VIENNA, January 20, 2012 /PRNewswire/ --
The re-election of Putin as President will bring much needed "stability" to Europe and its relations with its neighbours
A panel of European and Russian politicians has called for a redoubling of efforts to secure closer bilateral relations between Central Europe and Russia, at an international conference in Vienna today.
Former Vice-Chancellor of Austria and Coordinator of South European Initiative for Cooperation, Dr. Erhard Busek, said: "Central Europe is a bridge between the EU and the Russian Federation - in economy, energy and crisis management, the two are interdependent. The dialogue between Russia and Central Europe has begun, but there is much work to do.
The panel concluded that given the Eurozone crisis the Russian Federation has become an increasingly important neighbour and ally to Europe. Relative economic growth and political stability in Russia, can help drive economic recovery in the Eurozone.
"Russia joining the WTO is a very important step for the improvement of relations. Economic relations can be a training course for coming closer together. The modernisation of the Russian economy has played a very important part in this. It is important to note that the business community are Putin fans. Any other development would create instability, which would be bad for business." Busek added.
Veit Sorger, President of the Austrian Federation of Industries, said: "Russia is of prime significance to us... 4% growth in Russia is remarkable. Half of its commodity exports go to the EU, whilst 40% of all Russian imports come from the EU. This demonstrates the importance of this interdependent relationship...The potential of the Russian market is large, especially for SMEs."
Alexander Babakov, Deputy Speaker of the Russian State Duma, commented: "With Russia's recent accession to the WTO, Russia is becoming a more and more important global player. We hope that investment into the Russian market will develop. Russia is not only open for business, but is serious in improving its relations with its close neighbours. As a result we hope to see an increase in foreign investment into Russia and Russian investment into the Central European region."
The panel cited that Vladimir Putin's likely return as President will ensure stability, that will not only be beneficial for the European economy, but for the prospect of increased relations, not only on energy, with Russia in the coming years.
Fania Kirschenbaum, Member of Knesset in Israel, said: "We must unite to achieve stability, security and prosperity... We must develop common positions, but we must have stable governments to achieve this... Putin has brought stability to the country and to the government. The country can rely on him to continue the development of Russia that can they trust in."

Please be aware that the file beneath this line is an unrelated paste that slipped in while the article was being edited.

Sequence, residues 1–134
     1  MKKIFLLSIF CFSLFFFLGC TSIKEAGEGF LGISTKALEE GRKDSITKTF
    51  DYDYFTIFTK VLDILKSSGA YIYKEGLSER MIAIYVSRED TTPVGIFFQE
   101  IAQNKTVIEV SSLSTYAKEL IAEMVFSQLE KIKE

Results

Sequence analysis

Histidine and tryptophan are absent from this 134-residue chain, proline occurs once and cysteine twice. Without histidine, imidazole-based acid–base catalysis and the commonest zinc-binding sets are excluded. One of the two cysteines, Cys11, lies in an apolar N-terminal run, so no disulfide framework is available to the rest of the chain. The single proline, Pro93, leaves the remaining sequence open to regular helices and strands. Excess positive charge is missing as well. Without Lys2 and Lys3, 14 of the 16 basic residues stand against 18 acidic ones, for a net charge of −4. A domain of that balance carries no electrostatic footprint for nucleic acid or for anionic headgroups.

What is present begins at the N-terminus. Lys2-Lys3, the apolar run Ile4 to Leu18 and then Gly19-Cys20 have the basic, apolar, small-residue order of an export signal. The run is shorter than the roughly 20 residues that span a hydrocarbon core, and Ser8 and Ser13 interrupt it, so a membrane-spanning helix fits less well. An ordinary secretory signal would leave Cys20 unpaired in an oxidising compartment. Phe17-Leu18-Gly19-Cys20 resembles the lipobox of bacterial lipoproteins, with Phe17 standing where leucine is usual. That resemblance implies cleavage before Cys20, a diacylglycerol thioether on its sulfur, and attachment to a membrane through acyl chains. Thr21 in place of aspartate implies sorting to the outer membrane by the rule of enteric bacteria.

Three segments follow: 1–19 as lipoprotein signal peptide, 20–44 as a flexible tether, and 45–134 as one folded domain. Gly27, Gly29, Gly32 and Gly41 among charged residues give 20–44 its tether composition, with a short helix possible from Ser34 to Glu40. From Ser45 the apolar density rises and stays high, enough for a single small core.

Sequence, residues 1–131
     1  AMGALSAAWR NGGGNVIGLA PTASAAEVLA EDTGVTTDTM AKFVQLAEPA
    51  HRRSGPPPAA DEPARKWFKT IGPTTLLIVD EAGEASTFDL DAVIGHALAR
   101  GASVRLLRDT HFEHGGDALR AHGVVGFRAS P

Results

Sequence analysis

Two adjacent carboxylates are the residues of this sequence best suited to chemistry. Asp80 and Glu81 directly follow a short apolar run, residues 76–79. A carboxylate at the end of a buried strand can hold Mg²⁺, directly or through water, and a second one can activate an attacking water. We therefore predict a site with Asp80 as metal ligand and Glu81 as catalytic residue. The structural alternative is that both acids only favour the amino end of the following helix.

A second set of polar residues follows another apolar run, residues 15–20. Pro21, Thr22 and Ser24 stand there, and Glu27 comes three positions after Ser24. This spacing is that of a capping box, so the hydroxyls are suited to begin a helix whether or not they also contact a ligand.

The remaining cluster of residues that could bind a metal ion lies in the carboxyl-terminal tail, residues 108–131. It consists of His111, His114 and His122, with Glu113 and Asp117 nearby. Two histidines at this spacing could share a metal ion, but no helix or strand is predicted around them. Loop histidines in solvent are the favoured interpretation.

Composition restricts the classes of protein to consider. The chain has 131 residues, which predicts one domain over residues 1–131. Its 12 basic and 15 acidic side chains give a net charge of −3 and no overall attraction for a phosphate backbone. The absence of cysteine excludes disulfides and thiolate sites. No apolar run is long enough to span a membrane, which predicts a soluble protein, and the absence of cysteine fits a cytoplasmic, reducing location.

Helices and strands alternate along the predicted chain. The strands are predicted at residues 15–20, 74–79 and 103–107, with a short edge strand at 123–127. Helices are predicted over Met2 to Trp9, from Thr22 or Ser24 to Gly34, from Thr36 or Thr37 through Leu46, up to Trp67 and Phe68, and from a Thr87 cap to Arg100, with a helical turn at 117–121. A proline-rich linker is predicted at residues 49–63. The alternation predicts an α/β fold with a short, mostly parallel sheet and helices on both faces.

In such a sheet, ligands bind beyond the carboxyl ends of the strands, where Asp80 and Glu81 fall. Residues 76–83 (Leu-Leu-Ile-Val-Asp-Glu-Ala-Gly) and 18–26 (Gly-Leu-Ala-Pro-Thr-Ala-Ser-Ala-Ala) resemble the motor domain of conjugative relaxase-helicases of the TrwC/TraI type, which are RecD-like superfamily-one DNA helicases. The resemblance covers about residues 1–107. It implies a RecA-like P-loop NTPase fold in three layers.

Anthony Salvia, Director of the American Institute of Ukraine, added: "Putin has not only helped to bring about democracy in Russia, as the recent elections have shown, but has had a key role in developing a strong security policy. If Putin comes back to power this will be positive for foreign relations, especially with the US. Putin's acts of statecraft have been impressive. He deserves to get his due for what he has done for Russia over the years, especially the economic performance."
Organised by IPM - Middleeuropean Initiative and a Russian think tank The Institute of International Integration Studies, the conference, entitled Central Europe & the Russian Federation - a dialogue for partnership. Perspectives regarding the upcoming presidential elections', was held at House of Industry, Vienna.
Speakers included Valery Fedorov, Head of Russian Centre for Public Opinion Polls; H.E Erhard Busek, former Vice-Chancellor of Austria; John Lloyd, contributing editor at the Financial Times; Veit Sorger, President of the Austrian Chamber of Industry; H.E Sergej Netschajew, Ambassador of the Russian Federation in Austria; Patrick Butler, Board Member Raiffeisen International, Mikhail Starshinov, Member of the Russian State Duma; as well as members of the European Parliament.
Notes to editors
The IIIS is a Russian think tank, based in Moscow and set-up in 2008 as a non-governmental, non-commercial public organisation to discuss and promote closer relations between the Federal Republic of Russia and its neighbours, through round table discussions, seminars and conferences in and around Europe and the world. The Institute's main aim is to carry out studies of integration processes in the post-Soviet space, Europe and other parts of the world in the fields of politics, economy, defence and security.
SOURCE The Institute of International Integration Studies